Gender and Environment

Gender and Environment

Gender and Environment

Gender and Environment

Synopsis

Introducing the key areas in gender/environment relations by using case studies from North and South, this text covers relationships at the family, community and international level. It analyses how gender relations affect the environment.

Excerpt

The 1970s and early 1980s constituted a period of intense academic and popular interest in processes of environmental degradation: global, regional and local. However, it soon became increasingly clear that reversing such degradation would not be a purely technical and managerial matter. All the technical knowledge in the world does not necessarily lead societies to change environmentally damaging behaviour. Hence a critical understanding of socio-economic, political and cultural processes and structures has become, it is acknowledged, of central importance in approaching environmental problems. Over the past two decades in particular there has been a mushrooming of research and scholarship on the relationships between social sciences and humanities on the one hand and processes of environmental change on the other. This has lately been reflected in a proliferation of associated courses at undergraduate level.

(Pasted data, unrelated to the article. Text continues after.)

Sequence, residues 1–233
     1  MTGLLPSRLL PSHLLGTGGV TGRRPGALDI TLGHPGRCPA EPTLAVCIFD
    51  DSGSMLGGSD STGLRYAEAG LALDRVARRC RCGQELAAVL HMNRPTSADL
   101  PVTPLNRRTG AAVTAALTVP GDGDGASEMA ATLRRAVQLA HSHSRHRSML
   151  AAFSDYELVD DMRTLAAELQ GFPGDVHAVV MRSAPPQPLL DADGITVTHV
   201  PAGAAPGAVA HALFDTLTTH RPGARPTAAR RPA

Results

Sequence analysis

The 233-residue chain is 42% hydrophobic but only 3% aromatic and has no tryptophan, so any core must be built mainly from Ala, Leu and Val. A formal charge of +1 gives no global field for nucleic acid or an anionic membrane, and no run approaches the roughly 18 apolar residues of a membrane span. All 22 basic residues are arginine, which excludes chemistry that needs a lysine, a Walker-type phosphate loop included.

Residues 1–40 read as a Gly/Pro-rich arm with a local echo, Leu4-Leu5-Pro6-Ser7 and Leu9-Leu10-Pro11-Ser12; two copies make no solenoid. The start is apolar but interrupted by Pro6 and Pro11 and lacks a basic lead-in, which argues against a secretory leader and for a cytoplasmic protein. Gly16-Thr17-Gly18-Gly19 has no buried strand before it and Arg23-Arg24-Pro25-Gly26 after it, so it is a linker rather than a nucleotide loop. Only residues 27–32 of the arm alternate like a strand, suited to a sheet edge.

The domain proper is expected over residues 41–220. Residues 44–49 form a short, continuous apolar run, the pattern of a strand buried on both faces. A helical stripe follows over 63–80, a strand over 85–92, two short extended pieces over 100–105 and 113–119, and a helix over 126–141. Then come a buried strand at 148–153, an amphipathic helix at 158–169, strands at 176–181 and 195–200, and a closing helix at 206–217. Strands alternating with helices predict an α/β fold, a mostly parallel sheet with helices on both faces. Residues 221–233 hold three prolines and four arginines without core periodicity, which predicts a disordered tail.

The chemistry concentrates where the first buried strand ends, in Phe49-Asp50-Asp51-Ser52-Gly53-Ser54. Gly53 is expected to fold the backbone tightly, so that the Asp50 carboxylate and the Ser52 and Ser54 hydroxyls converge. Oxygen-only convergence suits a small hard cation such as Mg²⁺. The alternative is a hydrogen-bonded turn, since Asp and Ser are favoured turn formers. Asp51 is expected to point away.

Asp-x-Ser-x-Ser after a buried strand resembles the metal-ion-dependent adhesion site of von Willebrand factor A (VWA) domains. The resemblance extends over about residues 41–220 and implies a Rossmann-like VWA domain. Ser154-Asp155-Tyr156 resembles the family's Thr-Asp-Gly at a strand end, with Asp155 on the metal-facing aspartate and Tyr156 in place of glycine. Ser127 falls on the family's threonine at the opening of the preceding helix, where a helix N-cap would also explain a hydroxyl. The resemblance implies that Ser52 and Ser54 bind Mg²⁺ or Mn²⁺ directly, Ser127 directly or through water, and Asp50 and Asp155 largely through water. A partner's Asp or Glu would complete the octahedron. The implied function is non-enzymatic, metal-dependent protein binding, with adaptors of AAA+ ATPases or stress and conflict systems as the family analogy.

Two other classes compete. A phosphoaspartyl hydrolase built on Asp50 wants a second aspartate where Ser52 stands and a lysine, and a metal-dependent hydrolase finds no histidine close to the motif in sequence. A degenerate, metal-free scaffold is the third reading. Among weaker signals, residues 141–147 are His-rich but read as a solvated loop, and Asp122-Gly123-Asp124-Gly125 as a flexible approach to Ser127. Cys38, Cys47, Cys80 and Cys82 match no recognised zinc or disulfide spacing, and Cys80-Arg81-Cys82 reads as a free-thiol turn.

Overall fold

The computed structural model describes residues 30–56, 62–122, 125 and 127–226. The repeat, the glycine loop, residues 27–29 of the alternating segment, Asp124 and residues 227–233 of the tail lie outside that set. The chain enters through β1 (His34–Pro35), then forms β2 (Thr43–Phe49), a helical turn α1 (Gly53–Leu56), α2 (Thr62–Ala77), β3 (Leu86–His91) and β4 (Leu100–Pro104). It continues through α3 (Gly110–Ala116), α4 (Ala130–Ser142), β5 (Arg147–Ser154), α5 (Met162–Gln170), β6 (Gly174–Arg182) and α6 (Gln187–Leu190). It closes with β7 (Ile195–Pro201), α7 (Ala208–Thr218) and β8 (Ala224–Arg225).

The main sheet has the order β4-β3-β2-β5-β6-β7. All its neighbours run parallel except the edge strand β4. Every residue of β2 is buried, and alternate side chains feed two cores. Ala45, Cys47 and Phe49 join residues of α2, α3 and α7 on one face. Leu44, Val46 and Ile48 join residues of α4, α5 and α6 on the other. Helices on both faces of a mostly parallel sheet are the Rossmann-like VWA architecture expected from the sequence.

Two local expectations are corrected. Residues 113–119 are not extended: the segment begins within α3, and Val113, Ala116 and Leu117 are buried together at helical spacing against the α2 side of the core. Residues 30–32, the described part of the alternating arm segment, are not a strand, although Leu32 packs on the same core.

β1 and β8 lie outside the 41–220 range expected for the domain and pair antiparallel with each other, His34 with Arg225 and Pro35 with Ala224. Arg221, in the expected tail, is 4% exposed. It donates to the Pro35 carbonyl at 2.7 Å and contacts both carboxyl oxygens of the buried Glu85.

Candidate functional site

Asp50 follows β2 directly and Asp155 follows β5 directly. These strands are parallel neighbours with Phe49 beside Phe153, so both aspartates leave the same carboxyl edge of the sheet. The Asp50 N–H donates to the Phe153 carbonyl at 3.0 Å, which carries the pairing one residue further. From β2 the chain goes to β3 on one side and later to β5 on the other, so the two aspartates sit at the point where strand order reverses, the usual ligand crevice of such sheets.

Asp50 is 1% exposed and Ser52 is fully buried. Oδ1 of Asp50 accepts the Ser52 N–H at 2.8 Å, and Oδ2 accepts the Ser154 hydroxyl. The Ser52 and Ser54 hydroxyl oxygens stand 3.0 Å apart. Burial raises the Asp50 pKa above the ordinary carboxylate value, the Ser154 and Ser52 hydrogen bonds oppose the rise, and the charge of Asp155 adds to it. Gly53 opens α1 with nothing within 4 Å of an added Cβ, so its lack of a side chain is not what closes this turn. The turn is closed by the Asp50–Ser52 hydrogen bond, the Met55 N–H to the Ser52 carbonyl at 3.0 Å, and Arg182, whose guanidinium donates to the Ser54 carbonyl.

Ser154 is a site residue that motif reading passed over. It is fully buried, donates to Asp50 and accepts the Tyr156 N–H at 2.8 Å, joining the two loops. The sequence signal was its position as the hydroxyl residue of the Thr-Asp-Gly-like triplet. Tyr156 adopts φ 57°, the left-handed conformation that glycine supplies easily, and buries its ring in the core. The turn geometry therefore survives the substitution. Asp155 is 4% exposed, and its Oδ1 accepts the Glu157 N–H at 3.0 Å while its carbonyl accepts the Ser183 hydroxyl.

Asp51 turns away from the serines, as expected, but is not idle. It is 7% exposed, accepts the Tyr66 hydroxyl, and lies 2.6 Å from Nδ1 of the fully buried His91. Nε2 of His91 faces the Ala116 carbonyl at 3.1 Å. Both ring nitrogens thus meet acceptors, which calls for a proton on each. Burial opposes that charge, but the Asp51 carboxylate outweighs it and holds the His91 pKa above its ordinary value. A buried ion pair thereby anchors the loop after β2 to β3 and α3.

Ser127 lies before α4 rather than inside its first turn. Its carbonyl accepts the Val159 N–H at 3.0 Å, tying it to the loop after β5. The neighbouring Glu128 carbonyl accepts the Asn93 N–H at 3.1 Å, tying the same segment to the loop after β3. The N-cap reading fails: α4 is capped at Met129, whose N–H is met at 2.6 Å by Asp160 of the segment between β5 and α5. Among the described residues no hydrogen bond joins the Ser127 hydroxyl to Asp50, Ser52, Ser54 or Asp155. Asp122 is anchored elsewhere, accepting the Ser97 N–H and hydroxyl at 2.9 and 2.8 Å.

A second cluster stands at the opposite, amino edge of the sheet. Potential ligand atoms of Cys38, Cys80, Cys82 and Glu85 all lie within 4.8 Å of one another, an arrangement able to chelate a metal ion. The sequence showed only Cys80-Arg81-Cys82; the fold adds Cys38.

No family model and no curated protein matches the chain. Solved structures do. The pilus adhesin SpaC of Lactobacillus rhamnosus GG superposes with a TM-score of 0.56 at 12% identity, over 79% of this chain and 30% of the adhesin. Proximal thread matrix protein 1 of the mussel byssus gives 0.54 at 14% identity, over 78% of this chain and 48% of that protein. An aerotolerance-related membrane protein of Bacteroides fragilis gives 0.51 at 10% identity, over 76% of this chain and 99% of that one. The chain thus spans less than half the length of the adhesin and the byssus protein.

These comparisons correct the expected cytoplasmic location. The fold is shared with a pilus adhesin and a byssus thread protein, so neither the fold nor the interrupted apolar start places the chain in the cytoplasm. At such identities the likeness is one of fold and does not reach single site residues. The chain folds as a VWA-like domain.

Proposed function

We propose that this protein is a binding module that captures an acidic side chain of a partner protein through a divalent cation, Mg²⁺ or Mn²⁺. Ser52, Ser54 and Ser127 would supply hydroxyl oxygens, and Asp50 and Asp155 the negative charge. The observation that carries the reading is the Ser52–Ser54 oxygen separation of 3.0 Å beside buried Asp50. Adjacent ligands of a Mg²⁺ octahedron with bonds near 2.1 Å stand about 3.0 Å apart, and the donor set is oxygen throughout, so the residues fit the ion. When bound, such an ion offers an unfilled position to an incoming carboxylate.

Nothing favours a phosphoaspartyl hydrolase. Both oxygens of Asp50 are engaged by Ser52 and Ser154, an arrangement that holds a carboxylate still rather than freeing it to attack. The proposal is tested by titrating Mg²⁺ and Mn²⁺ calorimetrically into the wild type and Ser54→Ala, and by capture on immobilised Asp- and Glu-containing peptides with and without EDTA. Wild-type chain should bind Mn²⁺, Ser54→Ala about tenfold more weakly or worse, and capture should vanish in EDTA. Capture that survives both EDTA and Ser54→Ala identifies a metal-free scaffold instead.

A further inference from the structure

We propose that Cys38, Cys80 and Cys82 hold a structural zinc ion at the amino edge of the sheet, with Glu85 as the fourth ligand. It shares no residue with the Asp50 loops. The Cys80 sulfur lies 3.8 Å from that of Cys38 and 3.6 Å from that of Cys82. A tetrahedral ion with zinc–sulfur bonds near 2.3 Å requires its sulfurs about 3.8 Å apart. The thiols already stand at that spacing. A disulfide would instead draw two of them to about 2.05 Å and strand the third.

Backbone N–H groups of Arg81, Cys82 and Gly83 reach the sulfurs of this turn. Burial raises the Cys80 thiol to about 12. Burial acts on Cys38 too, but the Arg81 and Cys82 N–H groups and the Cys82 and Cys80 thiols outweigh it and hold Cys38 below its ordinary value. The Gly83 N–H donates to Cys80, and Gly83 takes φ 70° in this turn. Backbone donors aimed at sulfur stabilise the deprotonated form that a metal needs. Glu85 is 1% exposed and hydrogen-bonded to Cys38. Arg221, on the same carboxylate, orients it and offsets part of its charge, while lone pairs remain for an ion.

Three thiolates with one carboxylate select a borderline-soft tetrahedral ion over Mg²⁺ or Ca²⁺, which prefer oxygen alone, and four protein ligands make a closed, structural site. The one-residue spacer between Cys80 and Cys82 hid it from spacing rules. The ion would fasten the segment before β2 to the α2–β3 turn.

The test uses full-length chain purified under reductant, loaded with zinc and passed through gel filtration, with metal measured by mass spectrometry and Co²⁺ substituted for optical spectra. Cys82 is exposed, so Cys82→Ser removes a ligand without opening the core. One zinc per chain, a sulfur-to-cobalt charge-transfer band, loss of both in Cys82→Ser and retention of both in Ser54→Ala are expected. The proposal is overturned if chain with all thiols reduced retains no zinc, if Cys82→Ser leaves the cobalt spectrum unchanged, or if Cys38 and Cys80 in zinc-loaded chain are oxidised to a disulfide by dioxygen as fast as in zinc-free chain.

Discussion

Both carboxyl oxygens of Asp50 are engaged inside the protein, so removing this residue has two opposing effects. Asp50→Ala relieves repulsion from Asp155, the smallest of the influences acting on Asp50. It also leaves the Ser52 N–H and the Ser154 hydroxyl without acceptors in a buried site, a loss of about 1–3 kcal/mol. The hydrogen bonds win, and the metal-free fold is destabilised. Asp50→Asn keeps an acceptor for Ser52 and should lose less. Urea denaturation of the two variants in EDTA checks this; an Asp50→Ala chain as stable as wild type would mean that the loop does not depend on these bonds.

At the same time, changes in higher education in Europe, which match earlier changes in America, Australasia and elsewhere, mean that an increasing number of such courses are being taught and studied within a framework offering maximum flexibility in the typical undergraduate programme: 'modular' courses or their equivalent.

The volumes in this series will mirror these changes. They will provide short, topic-centred texts on environmentally relevant areas, mainly within social sciences and humanities. They will reflect the fact that students will approach their subject matter from a great variety of different disciplinary backgrounds; not just within social sciences and humanities, but from physical and natural sciences too. And those students may not be familiar with the background to the topic, they may or may not be going on to develop their interest in it, and they cannot automatically be thought of as being at 'first-year level', or second- or third-year: they might need to study the topic in any year of their course.

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